Who voted for Santorum and Romney

I have several thoughts about the upcoming presidential election that may be fun to ponder for students. The first pertains to the names. I heard that the 2008 election was the first presidential election without a Bush, Kennedy, Gore or Clinton in 40 or so years (don’t quote me on that, I just looked it up and there are many more names on the list, but the sentiment is what I meant). all my thoughts surround around that false quote, and the fact that I can barely remember the Republican nominee in 2008, and yet remember that Bush and Gore were running against each other in 2000, when I was 14 and not even old enough to vote. But the name is not what’s important, as Shakespeare would say, it’s what they stand for.

I also keep thinking about how close recent elections have been, and how big the conventions have been for the opposing party, or both parties if the President has served his two terms. But once again, upon further inspection, most elections have been incredibly close, and choosing an opponent is very important, this will only be the third president for whom I will be voting so I don’t have a very long memory to go on. But what do your students think? Do they think these new presidential names are odd, or are they not used to the names Bush, Gore and Reagan. Do they think this election is of exceptional importance, or of normal importance? Also, Obama produced his birth certificate as proof that he is a born in America, American citizen. While searching for the above information, I saw a Google result asking why no one questioned any one else’s birth. So how important is it to your students that your future president was born in the United States. This requirement is not allowing a record number (but maybe not a record percentage) of American citizens to run. But think about our countries history. The majority of Americans have ancestors within the past few generations where not born in this country. I say this to show that our country has constantly been a beacon of hope for those who no longer feel that their home country is home anymore. So just because more and more immigrants are coming in, should we reconsider this requirement. Or should we continue to require that our presidents, not their parents, be born within the countries borders, and know nothing except life as an American.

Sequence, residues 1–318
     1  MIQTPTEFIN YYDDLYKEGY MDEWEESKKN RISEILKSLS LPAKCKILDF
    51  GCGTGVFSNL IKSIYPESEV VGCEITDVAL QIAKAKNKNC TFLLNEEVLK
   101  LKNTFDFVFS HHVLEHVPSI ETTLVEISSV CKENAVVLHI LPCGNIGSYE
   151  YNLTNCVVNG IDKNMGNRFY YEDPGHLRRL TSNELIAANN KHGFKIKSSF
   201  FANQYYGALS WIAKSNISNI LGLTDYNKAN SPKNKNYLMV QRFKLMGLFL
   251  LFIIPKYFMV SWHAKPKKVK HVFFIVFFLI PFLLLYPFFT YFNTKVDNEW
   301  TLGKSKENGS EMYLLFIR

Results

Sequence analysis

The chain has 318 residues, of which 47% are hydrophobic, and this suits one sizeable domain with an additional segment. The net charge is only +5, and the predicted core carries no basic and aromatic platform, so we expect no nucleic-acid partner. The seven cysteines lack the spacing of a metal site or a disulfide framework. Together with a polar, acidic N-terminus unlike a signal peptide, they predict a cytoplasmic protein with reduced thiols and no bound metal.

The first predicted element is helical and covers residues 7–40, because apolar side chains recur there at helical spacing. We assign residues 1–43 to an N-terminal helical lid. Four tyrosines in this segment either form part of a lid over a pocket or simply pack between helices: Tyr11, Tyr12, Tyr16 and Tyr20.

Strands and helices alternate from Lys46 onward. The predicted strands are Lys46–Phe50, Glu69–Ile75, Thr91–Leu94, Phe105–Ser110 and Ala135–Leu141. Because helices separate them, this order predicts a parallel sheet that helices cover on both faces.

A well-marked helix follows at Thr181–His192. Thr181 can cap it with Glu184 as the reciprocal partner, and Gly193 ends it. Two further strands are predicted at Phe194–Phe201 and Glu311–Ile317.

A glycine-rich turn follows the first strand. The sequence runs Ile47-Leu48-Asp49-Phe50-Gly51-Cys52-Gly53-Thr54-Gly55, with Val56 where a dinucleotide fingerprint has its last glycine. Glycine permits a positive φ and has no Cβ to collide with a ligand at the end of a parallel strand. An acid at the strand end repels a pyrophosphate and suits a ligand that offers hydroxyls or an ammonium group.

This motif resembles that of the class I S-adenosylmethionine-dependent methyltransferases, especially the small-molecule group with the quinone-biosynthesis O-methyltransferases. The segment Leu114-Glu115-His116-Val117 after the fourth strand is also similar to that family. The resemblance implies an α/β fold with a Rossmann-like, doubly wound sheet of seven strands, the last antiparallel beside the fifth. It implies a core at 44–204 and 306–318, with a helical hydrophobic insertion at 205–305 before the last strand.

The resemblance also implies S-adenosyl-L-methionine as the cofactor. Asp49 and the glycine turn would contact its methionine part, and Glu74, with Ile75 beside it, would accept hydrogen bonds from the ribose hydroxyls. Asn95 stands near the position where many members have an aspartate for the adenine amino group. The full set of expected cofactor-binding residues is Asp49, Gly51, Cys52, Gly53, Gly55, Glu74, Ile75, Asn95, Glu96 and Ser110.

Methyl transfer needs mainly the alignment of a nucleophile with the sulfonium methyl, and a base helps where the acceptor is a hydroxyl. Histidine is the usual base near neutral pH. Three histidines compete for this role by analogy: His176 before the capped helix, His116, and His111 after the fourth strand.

This particular infographic is a great way of showing this information. This infographic does take some understanding, so take a few minutes to read it. Each dot represents a question asked or a statistic about the voters. For instance, the importance of the candidates’ religious affiliation, the voters age, and the candidates’ stand on a certain topic. Then each dot is placed showing whether someone with this view was more likely to vote for Santorum, Romney, or one of the others. This is very important information because whomever is voted in to run against Obama must appeal to the most Republicans. For instance, the majority of those over the age of 65 will vote for none of the above, but rather Newt Gingrich. That isn’t to say they would vote for Obama if Gingrich isn’t his opponent, but a few may. By the time your students are of age to be a major part of an election, those in this age bracket will have grown up in a different era and may stand for other things. Explore the rest of the dots and see what other questions you may be able to pose to allow further exploration of current politics for your students. Make them interested because they will be voting before they know it. And it’s ok to be discouraged by it, just like anything else. The end is what matters and supporting whomever wins is what will make a difference. If only to be re-elected, or for his party to be re-elected, the next president, and any elected official, will listen to those with the power of the ballot. So if your students disagree, or agree, with an elected official, encourage them to write a professionally written letter, at the very least, to appeal to their constituents.
My apologies on this being so long. I hope I have provided plenty to think about, and for your students to think about. Just like everyone else, I have plenty of thoughts on politics, and I hope I have shared thought-provoking ideas that will lead to discussions, not on what is right or wrong, but on what is important, or may lead to research.

- dave

David Warlick
… Sent from my iPad …


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